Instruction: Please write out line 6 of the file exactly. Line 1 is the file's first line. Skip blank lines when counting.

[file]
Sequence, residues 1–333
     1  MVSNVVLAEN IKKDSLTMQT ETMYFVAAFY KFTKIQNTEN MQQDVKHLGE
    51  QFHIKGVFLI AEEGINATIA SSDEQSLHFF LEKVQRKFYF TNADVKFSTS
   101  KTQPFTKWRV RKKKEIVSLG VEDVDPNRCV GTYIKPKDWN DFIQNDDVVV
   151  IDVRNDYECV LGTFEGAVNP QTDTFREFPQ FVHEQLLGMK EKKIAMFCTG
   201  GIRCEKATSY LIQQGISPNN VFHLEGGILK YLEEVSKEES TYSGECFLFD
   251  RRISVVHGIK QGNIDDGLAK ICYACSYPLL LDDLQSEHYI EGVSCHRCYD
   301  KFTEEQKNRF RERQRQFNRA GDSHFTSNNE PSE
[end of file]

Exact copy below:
   201  GIRCEKATSY LIQQGISPNN VFHLEGGILK YLEEVSKEES TYSGECFLFD